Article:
BONN — The high waters of the "flood of the century" along the Oder River between Poland and Germany have largely receded, but the long-term questions about how best to "manage" the river remain open.
Scientists point to developments in computer modeling that should provide better data to help head off trouble the next time.
International cooperation got a boost from the flood, too. Polish Interior Minister Leszek Miller met with German Construction Minister Klaus Tpfer and Czech Deputy Prime Minister Jiri Skalicki last week to agree on short-term practical flood prevention measures.
Environmentalists are calling for a rethinking of river management. The German group BUND has called on the German government to drop its plans to "canalize" several rivers - straightening them out to turn them into watery Autobahns - and to lobby the Czech Republic and Poland to hold back on further canalization of the Oder and the Elbe Rivers.
In a recent press conference in Berlin, Ernst Paul Drfler, a BUND expert on waterways, also said, "In the future, riverbanks have to be off limits for housing."
Some environmentalists have gone so far as to suggest that residents of the Oderbruch region - under threat for weeks but never completely flooded - move elsewhere. The area is filled land, a project carried out some 250 years ago under Frederick the Great, whose engineers redirected the Oder to turn marshes into farmland.
Not surprisingly, the evacuation solution has not proved popular. But Florian Engels, spokesman for the Environment Ministry of the state of Brandenburg, agrees with the activists, saying, "We need more flood-plain acreage to give the river someplace to go." His ministry is planning to add more than 5,500 acres to the nearly 12,500 acres already available to absorb floods. The new territory is mostly farmland, with only a few inhabitants who will have to move.
Across Germany and other countries, canalizing has been blamed for the "100-year floods" that the Rhine seems to be experiencing about every other year. The Oder, though somewhat canalized, is closer to its natural state than many European rivers.
But canalization is only one of the causes of this summer's floods, one of the worst natural disasters on record in Central Europe, with a death toll of about 100 people. Deforestation, especially in Poland and the Czech Republic, is the other big cause.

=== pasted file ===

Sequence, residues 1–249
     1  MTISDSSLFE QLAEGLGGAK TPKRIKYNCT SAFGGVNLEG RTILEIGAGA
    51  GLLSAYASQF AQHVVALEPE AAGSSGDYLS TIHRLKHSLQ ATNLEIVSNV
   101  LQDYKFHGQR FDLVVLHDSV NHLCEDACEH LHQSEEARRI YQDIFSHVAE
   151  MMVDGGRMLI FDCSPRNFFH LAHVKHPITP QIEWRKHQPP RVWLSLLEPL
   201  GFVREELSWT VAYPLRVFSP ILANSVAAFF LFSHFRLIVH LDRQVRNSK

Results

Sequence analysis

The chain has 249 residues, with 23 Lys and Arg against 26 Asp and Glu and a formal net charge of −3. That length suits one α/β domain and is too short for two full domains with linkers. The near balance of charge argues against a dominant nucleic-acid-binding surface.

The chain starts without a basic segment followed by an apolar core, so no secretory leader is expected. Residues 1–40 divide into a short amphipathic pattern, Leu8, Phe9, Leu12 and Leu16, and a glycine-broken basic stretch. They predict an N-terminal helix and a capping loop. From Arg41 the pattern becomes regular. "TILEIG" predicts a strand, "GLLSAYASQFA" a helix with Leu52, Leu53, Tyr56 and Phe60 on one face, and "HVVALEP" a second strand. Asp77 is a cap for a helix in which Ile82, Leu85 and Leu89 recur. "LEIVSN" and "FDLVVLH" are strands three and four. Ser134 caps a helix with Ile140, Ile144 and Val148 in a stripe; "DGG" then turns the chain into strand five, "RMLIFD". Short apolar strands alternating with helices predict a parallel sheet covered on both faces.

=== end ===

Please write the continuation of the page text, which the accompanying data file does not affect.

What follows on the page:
Woodlands act as a sponge to absorb rainfalls. But, says BUND official Michael Weidlich in Berlin, "the forests there are sick, or already destroyed, because of industrial pollution."
The technical side of flood prevention is well understood, according to Heinz Gnther, a scientist at the government-funded Geesthacht Research Center in Geesthacht, Germany. Computer models use data about rainfall to produce scenarios that suggest where water is likely to collect and how long it is likely to stay there. Officials can use the models to estimate how long a dike will have to hold, for instance.
Although some areas along the Oder are still being pumped out, the emergency appears to be over. The sandbaggers that a few weeks ago were working around the clock have been succeeded by civil servants and insurance-company employees punching away at calculators to estimate the damages. Figures are expected in by the end of the month.
"There have been estimates of a billion [deutsche marks, $550 million] in damages, but those have been just guesses," says Carola Frohberg, a spokeswoman in the Interior Ministry of the German state of Brandenburg.
The German soldiers and the police units who sandbagged around the clock and kept dikes from breaking have been thanked by grateful villagers at special celebrations and church services.
"The soldiers' work paid off. The situation would have looked very different without them," Ms. Frohberg says. The flood of river water has given way to a flood of charitable contributions as officials try to sort out who should get what aid.
Poles could take comfort in some successes, too, such as the saving of the historic city center of Wroclaw and the city's zoo and its animals. Volunteers turned out in force in response to a televised appeal for sandbagging help.